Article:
In recent years, there has been a growing consensus that History and Social Science educators must explicitly teach inquiry and historical thinking. A vital yet challenging aspect of inquiry is to teach students to generate and to investigate their own meaningful and effective questions. (See Alfie Kohn's thought-provoking article on supporting students’ questions: Who’s Asking.) Students with Disabilities and English Learners have a right to learn inquiry skills, and they often bring distinct strengths to well-structured investigations.
Emerging America employs multiple strategies and tools to help teachers and students develop the skills necessary to deepen analysis and investigation. Primary sources are central to all of them, a point emphasized in state and national academic standards. See, for example, National Council for the Social Studies (NCSS) C3 Framework and Massachusetts 2018 Framework. Please explore the strategies below to choose those that work best for your classroom and students. For each, link to a "how-to" explanation.
Browse the strategies below, and more, with a search for "Teaching Strategies" in the Emerging America library of Teaching Resources.
Overall Inquiry Strategies for History and Social Science
- Stripling Model of Inquiry: Overarching framework and theory of inquiry-based learning. (See graphic at right.)
- College, Career, and Civic Life (C3) Framework for Social Studies State Standards: National Council for the Social Studies (NCSS): Detailed, skills-based standards framework, organized in four grade bands, with standards for Civics, History, Geography, and Economics. Supplementary standards for Psychology, Sociology, and Anthropology. (Link goes directly to NCSS.) Most states incorporate C3's approach.
Instructional Tools to Promote Inquiry with Primary Sources
- Observe, Reflect, Question–Investigate - Primary Source Analysis Tool - Library of Congress: (Also known as "Observe, Reflect, Wonder"). A durable, flexible tool. The Library of Congress Teachers Page offers questions for several types of primary sources, including maps, film, oral histories, manuscripts, and newspapers, etc.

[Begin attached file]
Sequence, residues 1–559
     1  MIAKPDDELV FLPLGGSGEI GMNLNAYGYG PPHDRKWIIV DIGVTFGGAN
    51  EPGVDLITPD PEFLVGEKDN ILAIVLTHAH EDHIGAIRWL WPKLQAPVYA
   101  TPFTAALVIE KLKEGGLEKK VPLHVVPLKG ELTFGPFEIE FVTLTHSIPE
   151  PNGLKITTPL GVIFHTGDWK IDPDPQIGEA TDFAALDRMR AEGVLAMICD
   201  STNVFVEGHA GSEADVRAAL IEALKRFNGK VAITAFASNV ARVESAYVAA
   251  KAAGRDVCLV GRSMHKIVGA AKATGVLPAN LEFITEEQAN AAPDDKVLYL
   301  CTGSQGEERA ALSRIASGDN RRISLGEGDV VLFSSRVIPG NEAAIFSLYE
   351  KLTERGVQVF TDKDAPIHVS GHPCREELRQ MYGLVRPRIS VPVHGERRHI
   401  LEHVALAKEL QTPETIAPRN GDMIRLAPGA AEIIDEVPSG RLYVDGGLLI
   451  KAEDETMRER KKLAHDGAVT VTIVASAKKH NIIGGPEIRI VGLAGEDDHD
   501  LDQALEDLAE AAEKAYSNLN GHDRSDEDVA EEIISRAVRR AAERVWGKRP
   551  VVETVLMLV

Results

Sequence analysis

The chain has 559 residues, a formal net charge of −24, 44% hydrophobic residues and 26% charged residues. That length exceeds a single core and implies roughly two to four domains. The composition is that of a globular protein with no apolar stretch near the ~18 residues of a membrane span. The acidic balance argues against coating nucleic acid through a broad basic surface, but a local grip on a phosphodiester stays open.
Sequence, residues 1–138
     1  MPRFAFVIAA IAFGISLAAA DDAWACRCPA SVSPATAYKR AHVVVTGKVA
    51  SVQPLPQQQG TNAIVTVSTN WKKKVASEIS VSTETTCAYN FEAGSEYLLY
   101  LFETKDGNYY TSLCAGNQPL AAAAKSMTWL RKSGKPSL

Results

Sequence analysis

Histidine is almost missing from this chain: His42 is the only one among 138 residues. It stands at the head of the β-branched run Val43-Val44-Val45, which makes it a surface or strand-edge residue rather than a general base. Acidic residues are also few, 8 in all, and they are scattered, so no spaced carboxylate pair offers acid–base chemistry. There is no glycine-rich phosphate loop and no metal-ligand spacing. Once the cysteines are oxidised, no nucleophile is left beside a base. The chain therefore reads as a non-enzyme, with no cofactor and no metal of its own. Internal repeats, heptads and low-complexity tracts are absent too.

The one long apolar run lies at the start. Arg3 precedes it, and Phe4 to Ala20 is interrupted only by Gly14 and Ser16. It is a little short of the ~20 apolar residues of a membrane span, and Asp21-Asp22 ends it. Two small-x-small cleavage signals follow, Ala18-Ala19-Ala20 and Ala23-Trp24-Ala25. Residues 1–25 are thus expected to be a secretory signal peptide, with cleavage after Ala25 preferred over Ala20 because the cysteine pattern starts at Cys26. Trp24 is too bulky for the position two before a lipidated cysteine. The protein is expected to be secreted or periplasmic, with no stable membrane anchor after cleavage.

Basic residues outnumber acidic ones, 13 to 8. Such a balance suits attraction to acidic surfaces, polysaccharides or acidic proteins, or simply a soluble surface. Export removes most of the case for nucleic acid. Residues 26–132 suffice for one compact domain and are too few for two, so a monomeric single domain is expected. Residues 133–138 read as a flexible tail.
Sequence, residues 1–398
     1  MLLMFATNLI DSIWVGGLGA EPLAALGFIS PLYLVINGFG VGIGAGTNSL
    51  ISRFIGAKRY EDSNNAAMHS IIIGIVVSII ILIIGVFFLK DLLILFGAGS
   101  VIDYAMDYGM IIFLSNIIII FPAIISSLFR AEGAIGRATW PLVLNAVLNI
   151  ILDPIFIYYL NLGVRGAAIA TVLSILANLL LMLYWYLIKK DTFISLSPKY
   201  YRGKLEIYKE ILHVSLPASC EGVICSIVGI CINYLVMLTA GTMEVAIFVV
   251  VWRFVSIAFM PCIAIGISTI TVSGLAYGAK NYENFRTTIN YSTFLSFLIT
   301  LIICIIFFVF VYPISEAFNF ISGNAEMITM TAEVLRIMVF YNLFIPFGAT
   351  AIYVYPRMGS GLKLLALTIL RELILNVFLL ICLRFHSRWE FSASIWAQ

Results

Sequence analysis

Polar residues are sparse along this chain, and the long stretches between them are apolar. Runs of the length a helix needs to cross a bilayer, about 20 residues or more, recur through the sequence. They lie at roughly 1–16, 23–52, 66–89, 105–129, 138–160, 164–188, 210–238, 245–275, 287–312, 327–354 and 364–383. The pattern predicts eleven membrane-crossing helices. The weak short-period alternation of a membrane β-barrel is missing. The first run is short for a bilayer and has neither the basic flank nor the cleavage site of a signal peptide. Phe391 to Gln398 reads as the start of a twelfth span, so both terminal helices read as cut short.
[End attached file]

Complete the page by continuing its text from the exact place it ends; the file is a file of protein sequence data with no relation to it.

- Question Formulation Technique (QFT) - Right Question Institute: A penetrating approach to developing and using questions that is both immediately practical and far-reaching. Follow this link for an explanation of the QFT as a Teaching Strategy to promote access to inquiry. Multimedia on the QFT:
- QFT - Special Student Populations Tips from a diverse group of teachers. (2020).
- Social studies teacher, Joshua Beer, Goshen Lempster Institute, New Hampshire, demonstrates and explains Using the Question Formulation Technique for Summative Assessment. (9:45 mins)
- RQI YouTube channel offers multiple useful videos.
- Visual Primary Source Analysis Tool - Quadrant Analysis: Emphasizes close reading and analysis of images.
- Circle of Viewpoints Thinking Map - Visible Thinking project at Harvard's Project Zero: A thinking routine used to enhance perspective-taking.
- Read and Analyze Non-fiction (RAN) Chart - A vast improvement on the Know, Want-to-Know, Learn (KWL) chart. This dynamic tool provides a ready visual structure for the inquiry process and supports students challenging their misconceptions.
- Historical Thinking Chart - Stanford History Education Group (SHEG): Sourcing, Close Reading, Contextualization, Corroboration. (Link goes directly to SHEG. Log-in required, though site is free. Includes cool posters!)
- Document Analysis Worksheets - National Archives: Offers novice and intermediate versions with prompts for several types of primary sources, including maps, video, sound recordings, and documents: (Link goes directly to the National Archives.)
- Introduction to Digital and Physical Archives (and searching) - Helen Keller Archive, American Foundation for the Blind. Accessible lesson for all ages begins with asking students about their own collections. Pairs well with follow-up lesson on Primary and Secondary Sources.
Additional Recommended Resources
- Facing History created an online library with dozens of practical teaching strategies to enliven lessons and broaden student expression, including many inquiry-based activities. Examples include two-column note taking for inquiry, the think-pair-share process, gallery walk, visual tools: Crop It, Analyzing Images, and more. An on-demand professional development section features videos on specific lessons and lesson types.
- Maryland Humanities and Maryland Public Television offer an excellent set of step-by-step virtual Research Learning Modules.
- New Visions for Public Schools published a guide to Making Thinking Visible in Remote Classrooms.
Model Lessons that Demonstrate Inquiry Strategies and Tools
Injuries and Disability in 19th Century Industry – Stripling Model of Inquiry, and Read and Analyze Non-fiction (RAN) chart
Immigration: The Making of America – Visual Primary Source Analysis Tool - Quadrant Analysis
Propaganda Posters in the Spanish Civil War – Observe, Reflect, Question–Investigate tool